Rarely does education stick; only when it does are you truly educated.

In reality, education or the stickiness of knowledge rarely happens. First, most students are working to external or extrinsic motivators, such as grades, income, desire to satisfy parents, peers, or society, or to satisfy pride, such as in earning prestigious degrees merely for the prestige. Without a passion for the material, taking it in, researching it from many angles, writing about it, and rolling it all around again and again in the mind, one rarely owns or really knows the material. THIS is education.

Here’s another tip. In order to transfer knowledge from short- to long-term memory, you need to be exposed to the material some five to ten times from varying angles before it is owned. Yes, to learn something you must own it. It must become a part of your being. That’s why when you’re learning something it’s best to put it in your own words.

Also, you must learn to chunk it down. Take information and put it into chunks of threes, fours, or fives preferably. We can handle six, maybe, but after that it gets a bit much for us—for most of us. For example, in putting across the concept of critical thinking to my classes, I take the first two chapters on critical thinking (reading and writing) and chunk the knowledge down to four or five groups of knowledge containing only three to five elements, so the brain’s ability to remember is not taxed. You can’t always do this, but for greatest retention, this is what you should be shooting for any time you study. I will show you what I mean by how I teach the very thing we are talking about: critical thinking.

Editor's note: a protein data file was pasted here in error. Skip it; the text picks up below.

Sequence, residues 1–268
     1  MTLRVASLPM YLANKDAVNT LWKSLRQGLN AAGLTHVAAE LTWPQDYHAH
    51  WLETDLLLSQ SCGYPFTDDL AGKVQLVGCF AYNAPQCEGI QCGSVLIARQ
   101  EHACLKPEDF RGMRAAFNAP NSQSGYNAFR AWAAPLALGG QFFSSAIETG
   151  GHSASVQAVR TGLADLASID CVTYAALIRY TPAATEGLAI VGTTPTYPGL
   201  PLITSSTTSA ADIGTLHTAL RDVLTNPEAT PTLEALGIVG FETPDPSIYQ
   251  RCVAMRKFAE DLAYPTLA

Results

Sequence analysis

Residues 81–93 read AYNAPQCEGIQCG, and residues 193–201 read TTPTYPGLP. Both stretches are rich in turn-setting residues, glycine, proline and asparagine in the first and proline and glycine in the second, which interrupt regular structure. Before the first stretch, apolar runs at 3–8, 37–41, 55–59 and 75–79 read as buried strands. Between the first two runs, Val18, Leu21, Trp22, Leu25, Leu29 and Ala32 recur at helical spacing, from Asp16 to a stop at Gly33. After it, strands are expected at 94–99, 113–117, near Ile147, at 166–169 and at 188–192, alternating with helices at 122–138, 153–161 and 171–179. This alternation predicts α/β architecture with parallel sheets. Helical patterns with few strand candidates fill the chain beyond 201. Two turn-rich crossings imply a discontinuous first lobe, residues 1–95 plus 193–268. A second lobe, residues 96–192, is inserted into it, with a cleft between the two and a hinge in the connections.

1. First, we need to define critical thinking. It is the process of going beyond surface meaning to that which is deeper or of greater merit, use, and purpose.
  2. Second, we need to understand its components as a tool. What are its main useable elements? They entail analyzing, synthesizing, and judging. First we must analyze the problem at hand. What is it? What is the problem? Just as we must look at all the components of a car to determine what is wrong, the same goes for other problems. As we analyze, we bring “us” into the analysis. This is what we know, who we are, our background, biases, experience, conversations, acquaintances, family, and friends, what we watch, read, and understand. We see through these elements to understand or interpret what we are reading or the problem at hand. Unfortunately, because of limited understanding, biases, and weaknesses it is critical to keep as open and objective a mind as possible, ready to make changes to our understanding as more knowledge and greater perception comes forth. Finally, we make a judgment. What is the value, worth, import of what we have discovered. And move forward from there.
  3. Next, how best to use this tool critical thinking. It is best used via writing. Many a writer has said, “I don’t know what I’m thinking until I write it down.” The writing process enables greatest focus and concentration. There are many tasks that can be done in conjunction with others, multi-tasking, but because writing requires the greatest of concentration to perform well, it is also the greatest learning, discovering and analyzing tool. So what are the main components of writing, as we go about writing about our problem. Some things to consider are the following: 
  1. Audience
  2. Purpose
  3. Thesis
  4. Evidence
  5. Coherence
  6. Unity

Who are you writing to? Some of the time it may just be you. Why are you writing? What is your main point? Support that main point with evidence, so it’s not just mere conjecture. Then make sure that what you have makes sense, coherent, and is not lacking in logic and reason all the while keeping it unified or sticking to the main point, thesis. This all aids in getting to solution in the best way possible. However, there is a catch. Let’s go to the Don for more insight.